What are some of the challenges that are currently being faced in your field?

Key challenges in dermatology include increasing patient access to dermatologists, recruiting and retaining dermatologists in academia, and fostering the next generation of medical dermatologists to serve our underserved populations.

What is your vision and/or goals for addressing a few of these challenges in your new leadership role?

Along with my UCLA colleagues, I plan to (1) create a clinical research infrastructure in dermatology that will facilitate efficient conduct of clinical trials for clinical and translational researchers, (2) increase collaboration between dermatology and the house of medicine within UCLA, and (3) recruit and retain dermatologists with a passion for education, research, and/or serving our diverse patient populations.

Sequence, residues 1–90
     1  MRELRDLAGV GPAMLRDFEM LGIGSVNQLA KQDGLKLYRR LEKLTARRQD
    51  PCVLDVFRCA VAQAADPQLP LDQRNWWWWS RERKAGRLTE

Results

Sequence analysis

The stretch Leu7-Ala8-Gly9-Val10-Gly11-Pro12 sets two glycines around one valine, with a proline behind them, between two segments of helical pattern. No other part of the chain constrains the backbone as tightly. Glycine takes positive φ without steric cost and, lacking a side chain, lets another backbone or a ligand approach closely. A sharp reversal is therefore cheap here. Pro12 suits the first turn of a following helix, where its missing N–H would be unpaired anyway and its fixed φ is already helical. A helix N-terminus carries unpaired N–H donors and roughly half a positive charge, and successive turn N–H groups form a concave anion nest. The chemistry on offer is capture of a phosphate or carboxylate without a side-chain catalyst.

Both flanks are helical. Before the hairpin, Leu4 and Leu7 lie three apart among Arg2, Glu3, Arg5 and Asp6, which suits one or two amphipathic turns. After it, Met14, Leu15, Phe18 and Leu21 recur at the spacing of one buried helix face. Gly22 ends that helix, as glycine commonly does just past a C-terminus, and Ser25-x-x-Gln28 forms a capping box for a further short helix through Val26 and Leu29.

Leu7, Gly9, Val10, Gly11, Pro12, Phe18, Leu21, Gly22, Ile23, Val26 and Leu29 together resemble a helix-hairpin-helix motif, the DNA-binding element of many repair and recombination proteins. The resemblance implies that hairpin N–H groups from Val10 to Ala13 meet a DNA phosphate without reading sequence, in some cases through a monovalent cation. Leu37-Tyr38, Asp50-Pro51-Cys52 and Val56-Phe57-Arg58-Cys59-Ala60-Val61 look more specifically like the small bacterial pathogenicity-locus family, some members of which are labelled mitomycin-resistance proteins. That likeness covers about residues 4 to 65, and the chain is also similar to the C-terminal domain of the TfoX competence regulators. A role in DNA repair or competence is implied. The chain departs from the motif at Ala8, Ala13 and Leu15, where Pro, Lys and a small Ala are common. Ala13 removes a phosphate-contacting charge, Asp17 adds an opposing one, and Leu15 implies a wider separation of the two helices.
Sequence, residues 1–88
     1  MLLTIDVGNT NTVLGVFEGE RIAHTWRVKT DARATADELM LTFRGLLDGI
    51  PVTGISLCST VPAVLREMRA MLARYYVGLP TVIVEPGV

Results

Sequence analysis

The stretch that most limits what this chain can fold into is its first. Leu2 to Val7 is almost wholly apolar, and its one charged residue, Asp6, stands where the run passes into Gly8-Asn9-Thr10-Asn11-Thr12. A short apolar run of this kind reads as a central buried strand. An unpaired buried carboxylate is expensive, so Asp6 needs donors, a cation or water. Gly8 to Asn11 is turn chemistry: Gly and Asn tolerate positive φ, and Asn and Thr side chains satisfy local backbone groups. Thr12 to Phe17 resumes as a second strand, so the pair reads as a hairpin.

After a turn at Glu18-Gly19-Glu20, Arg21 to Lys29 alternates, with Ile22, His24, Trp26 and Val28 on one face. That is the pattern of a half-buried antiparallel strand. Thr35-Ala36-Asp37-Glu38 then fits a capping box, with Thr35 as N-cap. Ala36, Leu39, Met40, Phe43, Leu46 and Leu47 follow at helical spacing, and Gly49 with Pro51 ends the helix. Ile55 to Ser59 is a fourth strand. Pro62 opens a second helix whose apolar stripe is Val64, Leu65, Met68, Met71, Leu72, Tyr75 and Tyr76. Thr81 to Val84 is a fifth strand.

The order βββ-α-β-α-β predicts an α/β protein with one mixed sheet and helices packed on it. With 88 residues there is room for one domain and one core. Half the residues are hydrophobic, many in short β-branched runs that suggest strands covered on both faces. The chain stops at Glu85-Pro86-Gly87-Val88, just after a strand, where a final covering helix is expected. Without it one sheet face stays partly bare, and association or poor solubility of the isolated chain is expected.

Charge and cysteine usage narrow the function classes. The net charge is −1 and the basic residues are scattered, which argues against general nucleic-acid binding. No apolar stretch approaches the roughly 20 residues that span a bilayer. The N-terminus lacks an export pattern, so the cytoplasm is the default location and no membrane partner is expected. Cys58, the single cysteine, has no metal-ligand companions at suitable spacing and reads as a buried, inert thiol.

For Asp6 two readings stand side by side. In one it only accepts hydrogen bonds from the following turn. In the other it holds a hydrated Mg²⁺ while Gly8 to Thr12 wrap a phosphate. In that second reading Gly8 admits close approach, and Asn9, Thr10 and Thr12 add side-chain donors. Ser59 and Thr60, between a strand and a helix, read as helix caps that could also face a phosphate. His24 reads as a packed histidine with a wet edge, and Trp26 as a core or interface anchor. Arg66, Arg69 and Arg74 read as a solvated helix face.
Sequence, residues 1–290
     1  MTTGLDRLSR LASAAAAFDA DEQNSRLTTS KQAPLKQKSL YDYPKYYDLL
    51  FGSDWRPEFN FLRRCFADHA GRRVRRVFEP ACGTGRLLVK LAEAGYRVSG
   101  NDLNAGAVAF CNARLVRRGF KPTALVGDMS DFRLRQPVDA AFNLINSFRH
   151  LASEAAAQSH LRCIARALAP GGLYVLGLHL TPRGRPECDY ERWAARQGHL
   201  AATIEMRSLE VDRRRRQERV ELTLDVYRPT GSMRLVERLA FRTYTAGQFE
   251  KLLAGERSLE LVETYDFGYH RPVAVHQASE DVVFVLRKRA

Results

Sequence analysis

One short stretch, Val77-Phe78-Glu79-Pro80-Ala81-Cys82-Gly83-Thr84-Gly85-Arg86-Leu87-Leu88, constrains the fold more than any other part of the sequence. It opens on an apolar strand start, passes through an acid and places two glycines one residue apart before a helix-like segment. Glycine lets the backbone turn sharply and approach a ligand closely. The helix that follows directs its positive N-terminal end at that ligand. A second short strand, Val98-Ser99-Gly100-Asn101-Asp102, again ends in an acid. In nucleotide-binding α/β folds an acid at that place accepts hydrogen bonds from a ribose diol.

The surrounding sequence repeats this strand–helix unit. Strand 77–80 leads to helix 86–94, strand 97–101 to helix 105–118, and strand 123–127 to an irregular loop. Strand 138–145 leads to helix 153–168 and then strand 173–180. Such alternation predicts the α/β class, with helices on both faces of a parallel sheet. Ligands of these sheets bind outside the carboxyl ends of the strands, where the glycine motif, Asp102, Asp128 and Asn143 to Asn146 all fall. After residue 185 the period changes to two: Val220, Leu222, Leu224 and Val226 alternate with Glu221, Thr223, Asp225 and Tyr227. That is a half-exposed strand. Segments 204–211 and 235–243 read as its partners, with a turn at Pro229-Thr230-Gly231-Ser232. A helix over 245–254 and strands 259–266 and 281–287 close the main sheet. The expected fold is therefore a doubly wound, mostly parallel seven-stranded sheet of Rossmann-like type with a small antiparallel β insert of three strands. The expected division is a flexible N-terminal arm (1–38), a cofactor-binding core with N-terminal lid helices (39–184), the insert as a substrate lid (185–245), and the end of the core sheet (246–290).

What inspires you to do the work that you do?

As a dermatologist and clinical researcher, my patients inspire me to understand the complexities of skin and to improve delivery of dermatological care. Furthermore, the opportunity to work with my colleagues who are experts in the diverse fields of medicine and technology energizes me. Finally, our trainees inspire me every day with their enthusiasm, energy, and ingenuity.

What advice do you have for our aspiring physicians or physician-scientists?

I would advise our aspiring physicians or physician-scientists to continue pursue their passion. The journey might not be easy. It is not meant to be easy. However, it will be well worth the effort. During this journey, stay curious and ask questions, as good questions are the key to better insights.